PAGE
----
David Cunliffe has vowed to become the candidate for the party centrist.
This presents Cunliffe with a major predicament: keep the Labour faithful voting positive whilst gathering sufficient support from swing-voters and those who normally don’t vote.
To do so Cunliffe needs to utilise the experience of MP’s such as Shearer, Goff and Parker in the election campaign and maintain distance from the more discredited and radical factions within Labour – despite the fact that these factions helped catapult Cunliffe into the leadership.
If Cunliffe can portray a more unified and centrist opposition, he will be more likely to challenge Key. If not, he will find himself undermined from within and disillusioned by those swing-voters who want a common-sense and moderate alternative to National.
In recent weeks education reform has been at the centrepiece of Cunliffe’s focus and may indeed attract a fair few of these swing-voters.
Quantity v quality for education
Cunliffe’s address to around 1,000 members and delegates at Labour’s election year Congress last week was predominantly about education reform.
Labour’s strategy is to reduce class size to fund one teacher to 26 students at primary schools from 2018, and introduce a maximum average class size of 23 at secondary schools. In total an extra 2,000 teachers will find employment.
National’s policy aims to improve quality of teaching by granting executive functions for principals and performance pay for teachers.
This will cost the current government $359 million to implement while Labour’s class size policy, in combination with other educational policies, will cost about $850 million over four years.
Come 20 September voters will have an unequivocal choice for the future of New Zealand education.
Cunliffe is hoping to attract those middle-class parents who are concerned about the state of public schools. However, many will not be seduced so easily.
Every parent believes that more teacher one-on-one time with their child will improve their education. It is an alluring political offer. However, quality teaching is far more crucial and the government has to draw a line somewhere in regards to expenses.
Also, at the back of voters minds will be the role teachers unions are playing in policy proposals for education.
Teacher unions are continuing to support the lower ratio model for class size in the face of innovative new teaching methods such as team teaching of larger classes. The scheme involves taking an exceptional teacher out of a school for two days a week and having him or her contribute to other schools nearby.
Not surprisingly, Labour is advocating the unions’ dogma that each trained teacher, regardless of merit, is as good as the next and that education automatically improves when class size is smaller.
Many undecided voters will be weary of the tendency of teachers unions to place more emphasis on the ‘rights’ of their constituents rather than the ‘rights’ of pupils to a quality education.
Although Cunliffe’s class size policy may be an oversimplified solution to education in New Zealand, he has the easier line to sell. Thus he may be able to keep his constituency happy whilst chipping away at swing-voters and those who normally don’t vote.
However, he will have a tougher sell when it comes to his economic policies.
The economic vote
Under a Labour led government the marginal income tax rate will increase for those earning more than $150,000 a year from 33c to 36c in the dollar.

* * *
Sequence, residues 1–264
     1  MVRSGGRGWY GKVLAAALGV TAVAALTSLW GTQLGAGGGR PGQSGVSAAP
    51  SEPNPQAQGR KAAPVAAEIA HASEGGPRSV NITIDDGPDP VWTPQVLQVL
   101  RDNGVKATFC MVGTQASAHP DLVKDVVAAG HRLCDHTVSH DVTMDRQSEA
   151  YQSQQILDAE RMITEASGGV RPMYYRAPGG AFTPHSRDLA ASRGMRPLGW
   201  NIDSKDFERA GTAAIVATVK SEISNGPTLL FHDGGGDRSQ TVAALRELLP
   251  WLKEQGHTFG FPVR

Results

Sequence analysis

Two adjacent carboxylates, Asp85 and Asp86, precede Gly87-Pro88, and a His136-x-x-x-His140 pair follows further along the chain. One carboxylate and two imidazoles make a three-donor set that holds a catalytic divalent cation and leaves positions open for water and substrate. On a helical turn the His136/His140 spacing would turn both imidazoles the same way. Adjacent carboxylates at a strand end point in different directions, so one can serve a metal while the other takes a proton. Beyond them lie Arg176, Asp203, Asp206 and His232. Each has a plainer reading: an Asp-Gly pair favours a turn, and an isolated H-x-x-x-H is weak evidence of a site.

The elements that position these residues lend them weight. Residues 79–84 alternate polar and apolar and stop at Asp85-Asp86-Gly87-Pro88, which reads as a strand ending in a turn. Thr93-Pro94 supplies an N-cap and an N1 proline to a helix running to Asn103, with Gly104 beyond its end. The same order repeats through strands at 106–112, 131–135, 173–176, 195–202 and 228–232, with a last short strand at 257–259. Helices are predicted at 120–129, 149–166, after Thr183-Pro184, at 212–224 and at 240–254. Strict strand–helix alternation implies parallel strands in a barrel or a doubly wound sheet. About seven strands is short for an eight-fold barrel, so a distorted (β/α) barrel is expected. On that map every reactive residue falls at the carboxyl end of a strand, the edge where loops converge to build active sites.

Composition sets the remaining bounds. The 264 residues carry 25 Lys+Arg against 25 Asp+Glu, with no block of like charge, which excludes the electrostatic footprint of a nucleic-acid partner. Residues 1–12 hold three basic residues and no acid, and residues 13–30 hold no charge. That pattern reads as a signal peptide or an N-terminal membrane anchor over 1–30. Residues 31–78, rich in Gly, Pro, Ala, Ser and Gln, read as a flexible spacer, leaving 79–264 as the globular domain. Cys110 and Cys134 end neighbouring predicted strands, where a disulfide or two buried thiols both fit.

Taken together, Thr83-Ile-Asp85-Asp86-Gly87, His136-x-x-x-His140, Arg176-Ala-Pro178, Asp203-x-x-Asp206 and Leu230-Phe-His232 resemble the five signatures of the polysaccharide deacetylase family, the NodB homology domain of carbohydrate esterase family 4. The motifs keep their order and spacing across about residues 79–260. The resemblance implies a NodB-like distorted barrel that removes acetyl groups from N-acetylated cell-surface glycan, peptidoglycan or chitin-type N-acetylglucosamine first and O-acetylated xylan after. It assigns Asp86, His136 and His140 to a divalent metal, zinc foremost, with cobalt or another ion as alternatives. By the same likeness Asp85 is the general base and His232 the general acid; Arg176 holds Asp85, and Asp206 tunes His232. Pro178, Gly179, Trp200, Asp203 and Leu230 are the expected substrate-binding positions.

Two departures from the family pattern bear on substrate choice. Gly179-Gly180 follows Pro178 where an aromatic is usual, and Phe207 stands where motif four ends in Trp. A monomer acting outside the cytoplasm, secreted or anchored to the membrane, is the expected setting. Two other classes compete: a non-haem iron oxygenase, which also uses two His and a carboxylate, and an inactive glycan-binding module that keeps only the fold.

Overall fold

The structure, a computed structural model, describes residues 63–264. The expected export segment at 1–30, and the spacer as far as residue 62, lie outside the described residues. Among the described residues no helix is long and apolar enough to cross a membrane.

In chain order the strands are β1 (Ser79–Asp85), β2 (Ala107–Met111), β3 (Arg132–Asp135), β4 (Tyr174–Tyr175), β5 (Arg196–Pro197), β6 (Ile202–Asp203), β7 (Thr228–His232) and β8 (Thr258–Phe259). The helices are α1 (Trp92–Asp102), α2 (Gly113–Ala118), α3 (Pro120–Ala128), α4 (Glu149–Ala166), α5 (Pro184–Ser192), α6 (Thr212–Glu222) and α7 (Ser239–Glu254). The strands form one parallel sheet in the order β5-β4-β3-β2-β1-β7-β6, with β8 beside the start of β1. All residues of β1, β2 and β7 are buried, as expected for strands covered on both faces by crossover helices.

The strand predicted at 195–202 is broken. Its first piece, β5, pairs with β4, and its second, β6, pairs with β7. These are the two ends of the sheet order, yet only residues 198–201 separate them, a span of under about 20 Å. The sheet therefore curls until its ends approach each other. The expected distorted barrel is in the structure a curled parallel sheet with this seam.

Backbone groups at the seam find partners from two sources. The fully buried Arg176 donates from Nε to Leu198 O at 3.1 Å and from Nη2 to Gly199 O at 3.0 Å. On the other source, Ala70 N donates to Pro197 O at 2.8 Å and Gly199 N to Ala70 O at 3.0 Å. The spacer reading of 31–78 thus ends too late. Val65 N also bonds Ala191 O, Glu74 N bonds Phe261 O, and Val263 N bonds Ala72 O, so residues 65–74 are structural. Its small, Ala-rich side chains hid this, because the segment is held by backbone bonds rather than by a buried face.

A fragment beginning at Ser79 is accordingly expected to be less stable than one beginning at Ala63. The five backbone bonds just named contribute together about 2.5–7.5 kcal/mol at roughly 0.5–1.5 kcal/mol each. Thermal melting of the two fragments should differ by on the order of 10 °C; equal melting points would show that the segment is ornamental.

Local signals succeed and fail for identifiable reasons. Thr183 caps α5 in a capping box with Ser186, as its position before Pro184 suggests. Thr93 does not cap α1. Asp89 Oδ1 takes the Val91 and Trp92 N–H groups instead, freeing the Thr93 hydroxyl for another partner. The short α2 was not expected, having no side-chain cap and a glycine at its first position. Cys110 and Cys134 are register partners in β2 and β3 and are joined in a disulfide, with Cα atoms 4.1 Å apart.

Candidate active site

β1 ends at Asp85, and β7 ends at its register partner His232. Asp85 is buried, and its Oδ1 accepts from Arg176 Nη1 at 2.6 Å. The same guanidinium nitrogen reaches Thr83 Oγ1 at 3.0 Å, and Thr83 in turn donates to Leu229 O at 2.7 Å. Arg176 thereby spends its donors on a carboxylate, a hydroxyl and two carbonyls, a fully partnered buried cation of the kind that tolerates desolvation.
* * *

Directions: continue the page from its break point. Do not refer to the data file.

This, in combination with a matching increasing in the trust tax rate, would bring an additional $400 million a year in 2015/2016 and $600 million two years later.
Despite having a positive effect on the budget deficit – as long as these tax increases don’t begin to burden economic growth and hence taxable income, which is not a given – it is a tough sell to the New Zealand public.
In a recent article Sir Bob Jones labelled Cunliffe as a socialist liability. Speaking of an acquaintance of his Sir Bob wrote:
“I know someone who, through much hard work, became wealthy in the last few years. He has a sentimental historic attachment to the Labour Party, as do many affluent individuals, and he was planning a six-figure donation this year, chuffed at his new-found capability to do so.
But he was outraged after hearing a Cunliffe interview following the leadership race. “Will you raise taxes on higher incomes?” Cunliffe was asked. “You betcha,” the new leader exclaimed with gusto. My acquaintance was angry for, as he said: “I’ve worked my butt off and the tone of Cunliffe’s enthusiasm to punish me for this was sickening.”
“Will you now vote National?” I teased, knowing he’d never hitherto done so. “You betcha,” he exclaimed.”
Cunliffe’s predicament is clear – most of the Labour electorate are convinced of the efficacy of a tax increase on the so called ‘rich’ but many swing-voters and a minority of Labour faithful will reject it on principal.
Indeed, the 2014 Household Incomes Report showed that income inequality in New Zealand has mostly remained the same since the mid-1990’s.
This contradicts the Greens and Labour’s narrative that inequality has increased under Key’s government.
Also adding to Cunliffe’s political woes is the recent credit rating improvement by Credit agency Fitch. New Zealand’s rating outlook went from stable to positive due to the resilience of New Zealand’s sovereign credit profile.
This is a positive vote of confidence in the New Zealand economy and sends a direct message to the electorate that the economy is being managed prudently under National.
Cunliffe faces an Everest-like challenge in returning Labour to power come September. The problem for Cunliffe is that the culture in New Zealand has shifted to the right and many of the MP’s in Labour have remained stubbornly to the left and some even further to the left.
If you look at most polls this is undeniable.